A Greek appeals court has convicted Andreas Georgiou, the former president of the Hellenic Statistical Authority, known as ELSTAT, of violation of duty for his actions in recalculating national statistics and showing that Greece’s financial situation was much more dire than had been advertised. His new figures were front and center in the Greek financial crisis of 2010, which saw hundreds of billions of Euros in bailouts from the European Union.
Georgiou received a two-year suspended sentence for what the court ruled as a “breach of duty” in producing honest accounts of the country’s debt and deficit. The court acquitted him of two other charges, one that he did not convene board meetings and the second that he retained a long-standing position at the International Monetary Fund (IMF) for a short time when he first joined ELSTAT. The appeals court ruling still can be appealed to Greece’s highest court.
A Greek national, Georgiou has a long career in monetary and fiscal stabilization policy since graduation with a doctorate in economics from the University of Michigan. He spent 21 years at the IMF based in Washington, D.C. He decided to return to Greece as the head of the National Statistical Service to lend his expertise as his homeland became the poster child of the European debt crisis in 2009.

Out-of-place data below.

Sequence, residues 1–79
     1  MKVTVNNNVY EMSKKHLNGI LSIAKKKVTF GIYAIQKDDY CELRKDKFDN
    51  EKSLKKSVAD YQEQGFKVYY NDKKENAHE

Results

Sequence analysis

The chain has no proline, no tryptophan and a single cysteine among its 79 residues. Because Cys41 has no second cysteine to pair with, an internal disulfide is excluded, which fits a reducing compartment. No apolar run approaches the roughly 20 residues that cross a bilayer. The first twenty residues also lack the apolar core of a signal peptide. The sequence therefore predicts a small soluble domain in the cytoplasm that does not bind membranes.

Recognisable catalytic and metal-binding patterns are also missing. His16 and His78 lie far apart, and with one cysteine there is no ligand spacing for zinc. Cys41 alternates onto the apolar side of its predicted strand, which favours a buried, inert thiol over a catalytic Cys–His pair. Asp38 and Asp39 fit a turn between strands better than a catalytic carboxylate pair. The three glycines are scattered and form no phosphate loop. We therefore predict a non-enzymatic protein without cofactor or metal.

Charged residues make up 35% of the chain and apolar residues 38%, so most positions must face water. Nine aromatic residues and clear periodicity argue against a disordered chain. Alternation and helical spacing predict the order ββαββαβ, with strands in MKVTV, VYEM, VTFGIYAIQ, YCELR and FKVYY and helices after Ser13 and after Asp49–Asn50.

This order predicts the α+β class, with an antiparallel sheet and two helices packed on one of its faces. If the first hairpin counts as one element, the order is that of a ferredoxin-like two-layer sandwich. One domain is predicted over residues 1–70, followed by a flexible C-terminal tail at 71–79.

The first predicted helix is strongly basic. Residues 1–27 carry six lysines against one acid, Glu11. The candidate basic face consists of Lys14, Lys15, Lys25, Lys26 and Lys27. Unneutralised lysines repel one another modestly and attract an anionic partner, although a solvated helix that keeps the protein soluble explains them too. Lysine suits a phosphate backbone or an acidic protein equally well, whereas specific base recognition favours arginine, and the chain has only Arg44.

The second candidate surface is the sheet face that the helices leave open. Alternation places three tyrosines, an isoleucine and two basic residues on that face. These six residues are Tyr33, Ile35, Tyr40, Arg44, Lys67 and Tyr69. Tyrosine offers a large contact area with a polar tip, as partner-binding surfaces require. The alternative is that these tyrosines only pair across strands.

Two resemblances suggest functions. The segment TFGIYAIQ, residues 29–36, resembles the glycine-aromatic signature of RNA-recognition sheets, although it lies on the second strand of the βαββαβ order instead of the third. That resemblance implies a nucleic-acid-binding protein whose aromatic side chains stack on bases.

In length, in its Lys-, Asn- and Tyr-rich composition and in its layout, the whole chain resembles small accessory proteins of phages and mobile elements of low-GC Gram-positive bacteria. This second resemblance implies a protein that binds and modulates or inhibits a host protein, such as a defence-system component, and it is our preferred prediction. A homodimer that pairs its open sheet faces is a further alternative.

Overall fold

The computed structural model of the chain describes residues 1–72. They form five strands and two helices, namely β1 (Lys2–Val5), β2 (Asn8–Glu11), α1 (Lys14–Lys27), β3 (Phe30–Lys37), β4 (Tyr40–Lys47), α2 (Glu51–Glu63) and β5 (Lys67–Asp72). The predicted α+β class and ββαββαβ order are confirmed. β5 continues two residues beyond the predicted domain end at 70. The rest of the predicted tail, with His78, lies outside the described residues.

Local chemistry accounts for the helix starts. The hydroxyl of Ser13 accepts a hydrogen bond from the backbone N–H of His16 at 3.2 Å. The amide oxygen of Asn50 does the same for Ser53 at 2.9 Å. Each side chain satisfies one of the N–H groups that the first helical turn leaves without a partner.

Once in Greece, he removed the statistics office from the office of the Minister of Finance and renamed the newly independent agency the Hellenic Statistics Authority and determined it would follow the EU’s Statistics Code of Practice. While the numbers may have gotten better, Greece’s situation did not, and the austerity measures required for EU assistance produced immense distress on the Greek streets. This turn led to a hunt for scapegoats. “It’s someone else’s fault,” Georgiou said Monday with a rueful smile. “That someone else is the messenger,” he added, noting there have been calls to “hang him in the public square.”
He left ELSTAT in 2015, and has since moved back to Maryland in the United States as his case – dubbed a “show trial” by some supporters — plays out. “Mr. Andreas Georgiou believes fully in his innocence, for which he will fight for as long as it takes,” reads part of statement from his legal team.
The professional statistical community has been outraged by Georgiou’s case, seeing him as an honest statistician bravely upholding the ethics and norms of the profession and being ground down for his efforts. In short, this is seen not just as attack on good government but as an attack on science.
“Why this animosity toward Dr. Georgiou?” wrote Barry Nussbaum, president of the American Statistical Association, and Katherine K. Wallman, a former ASA president and former chief statistician of the United States, in the Huffington Post. “Simply put, the new, corrected numbers showed a greater Greek debt than previously reported. This resulted in greater austerity measures affecting Greek citizens. Their response was to follow a ‘shoot the messenger’ scenario.”